The farm

“In summertime you can admire the cows from the abbey in the pastures around the abbey buildings.”

A farm has always been part of Westmalle Abbey, since its foundation in 1794. For a long time, the monks combined working the land with breeding cattle. However, from 1932 onwards, they focused on dairy farming so they could cover their own dairy requirements as well as sell their cheese on a limited scale (cheese product page).

groningse-blaarkop.jpgGroninger Blaarkop and Brown Swiss

The farm’s herd mainly consists of two cattle breeds: Groninger Blaarkop and Brown Swiss. Around 100 dairy cows, together with calves and bulls used for breeding, are housed in the barns in the grounds of the abbey.

These two cattle breeds were selected specifically because they give birth to calves that are relatively small in size, which makes birthing far easier. In summer you can admire the animals grazing the pastures around the abbey.

Animal welfare comes first


Recently the monks decided to replace their tie stall (in which cows are tethered) with a modern free stall that allows the animals to move freely. This type of stall has several advantages: the cows remain quieter, they live longer, and there is no loss of contact between humans and animals. The abbey farm always strives to be animal friendly.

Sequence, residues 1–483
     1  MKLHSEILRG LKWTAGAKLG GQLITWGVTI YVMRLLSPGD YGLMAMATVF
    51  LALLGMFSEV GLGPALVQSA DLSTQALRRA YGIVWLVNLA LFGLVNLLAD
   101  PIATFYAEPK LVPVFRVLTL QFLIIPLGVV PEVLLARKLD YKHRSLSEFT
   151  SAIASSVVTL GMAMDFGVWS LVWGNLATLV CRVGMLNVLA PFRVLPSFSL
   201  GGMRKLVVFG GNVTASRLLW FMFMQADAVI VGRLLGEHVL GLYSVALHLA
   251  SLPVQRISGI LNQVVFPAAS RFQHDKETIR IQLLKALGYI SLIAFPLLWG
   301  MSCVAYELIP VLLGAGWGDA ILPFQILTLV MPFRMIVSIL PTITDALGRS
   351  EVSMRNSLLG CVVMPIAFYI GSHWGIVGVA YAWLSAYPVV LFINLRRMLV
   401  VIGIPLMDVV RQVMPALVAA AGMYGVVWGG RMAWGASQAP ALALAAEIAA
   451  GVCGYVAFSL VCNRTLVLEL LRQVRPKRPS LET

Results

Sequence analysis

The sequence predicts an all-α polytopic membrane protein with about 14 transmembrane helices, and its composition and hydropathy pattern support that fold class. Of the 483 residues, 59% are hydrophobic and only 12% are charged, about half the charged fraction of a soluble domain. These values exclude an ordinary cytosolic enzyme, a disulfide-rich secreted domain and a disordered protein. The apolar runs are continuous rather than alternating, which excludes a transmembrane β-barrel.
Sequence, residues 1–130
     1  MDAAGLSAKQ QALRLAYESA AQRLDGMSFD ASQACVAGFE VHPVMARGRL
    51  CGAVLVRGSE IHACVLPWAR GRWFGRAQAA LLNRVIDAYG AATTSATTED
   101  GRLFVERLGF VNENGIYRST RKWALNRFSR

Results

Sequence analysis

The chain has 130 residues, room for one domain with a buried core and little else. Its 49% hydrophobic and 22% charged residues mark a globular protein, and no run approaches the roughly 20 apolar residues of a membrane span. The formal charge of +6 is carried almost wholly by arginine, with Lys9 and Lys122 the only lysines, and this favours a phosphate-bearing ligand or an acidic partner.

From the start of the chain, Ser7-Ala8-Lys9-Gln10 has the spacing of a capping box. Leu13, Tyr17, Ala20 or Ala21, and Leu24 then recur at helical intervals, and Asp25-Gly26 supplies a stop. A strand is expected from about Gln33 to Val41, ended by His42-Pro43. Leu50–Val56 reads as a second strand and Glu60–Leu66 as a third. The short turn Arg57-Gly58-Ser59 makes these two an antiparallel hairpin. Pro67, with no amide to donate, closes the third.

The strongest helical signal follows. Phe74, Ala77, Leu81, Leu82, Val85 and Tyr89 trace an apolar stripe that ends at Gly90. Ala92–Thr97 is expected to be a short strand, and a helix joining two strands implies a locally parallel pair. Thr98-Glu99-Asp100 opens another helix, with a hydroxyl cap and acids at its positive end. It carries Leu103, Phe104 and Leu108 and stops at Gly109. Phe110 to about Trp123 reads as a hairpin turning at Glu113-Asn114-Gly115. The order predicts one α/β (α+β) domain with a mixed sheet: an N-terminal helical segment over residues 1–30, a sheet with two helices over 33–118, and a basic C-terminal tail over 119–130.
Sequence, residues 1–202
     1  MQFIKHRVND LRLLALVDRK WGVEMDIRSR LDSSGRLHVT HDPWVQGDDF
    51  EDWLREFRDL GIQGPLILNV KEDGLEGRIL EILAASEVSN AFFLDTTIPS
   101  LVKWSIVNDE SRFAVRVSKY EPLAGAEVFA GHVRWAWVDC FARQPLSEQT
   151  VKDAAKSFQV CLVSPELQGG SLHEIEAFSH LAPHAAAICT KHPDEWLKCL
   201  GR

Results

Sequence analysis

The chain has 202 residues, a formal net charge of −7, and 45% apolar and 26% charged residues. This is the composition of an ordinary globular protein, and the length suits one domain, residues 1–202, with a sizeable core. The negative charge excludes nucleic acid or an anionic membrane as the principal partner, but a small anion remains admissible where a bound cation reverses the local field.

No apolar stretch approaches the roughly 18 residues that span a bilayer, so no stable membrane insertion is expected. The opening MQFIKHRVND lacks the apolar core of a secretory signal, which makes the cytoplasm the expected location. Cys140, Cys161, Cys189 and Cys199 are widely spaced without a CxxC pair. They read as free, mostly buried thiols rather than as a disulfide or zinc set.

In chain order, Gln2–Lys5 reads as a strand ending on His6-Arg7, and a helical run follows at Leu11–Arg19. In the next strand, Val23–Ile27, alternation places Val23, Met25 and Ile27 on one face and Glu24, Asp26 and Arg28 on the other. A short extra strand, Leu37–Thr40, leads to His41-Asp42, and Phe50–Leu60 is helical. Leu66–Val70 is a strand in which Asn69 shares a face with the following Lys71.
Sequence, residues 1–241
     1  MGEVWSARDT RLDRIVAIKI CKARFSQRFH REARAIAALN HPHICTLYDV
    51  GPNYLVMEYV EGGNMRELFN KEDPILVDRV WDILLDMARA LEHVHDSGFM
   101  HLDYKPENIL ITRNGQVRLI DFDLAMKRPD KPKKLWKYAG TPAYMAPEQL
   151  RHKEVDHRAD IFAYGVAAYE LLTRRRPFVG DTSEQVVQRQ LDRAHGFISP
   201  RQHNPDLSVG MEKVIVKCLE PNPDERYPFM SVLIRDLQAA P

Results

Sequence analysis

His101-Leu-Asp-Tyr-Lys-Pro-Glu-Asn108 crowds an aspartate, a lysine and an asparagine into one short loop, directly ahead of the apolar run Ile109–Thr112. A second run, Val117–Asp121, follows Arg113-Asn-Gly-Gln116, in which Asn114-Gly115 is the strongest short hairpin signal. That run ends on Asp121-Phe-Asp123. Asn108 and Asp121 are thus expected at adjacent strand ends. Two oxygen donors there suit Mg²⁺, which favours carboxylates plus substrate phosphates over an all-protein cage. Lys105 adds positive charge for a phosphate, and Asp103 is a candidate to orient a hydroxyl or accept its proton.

The cows are milked twice a day in an auto-tandem or carousel with room for 28 animals. The animals are allowed to eat whilst they are milked, so they make their way spontaneously towards the carousel, producing a calmer atmosphere. Most of the milk is destined for the abbey’s own cheese workshop and the remainder is sold to a local dairy.

  • Sheep in the meadow.
  • A monk stands amongst the sheep to feed them.
  • A brown hen free-ranging in the meadow
  • Cows peacefully graze the pastures around the abbey.
  • Cows feeding in the barn.
  • Cows on their way to being milked.
  • Cows in the auto-tandem.
  • Cows lying down, resting in the barn.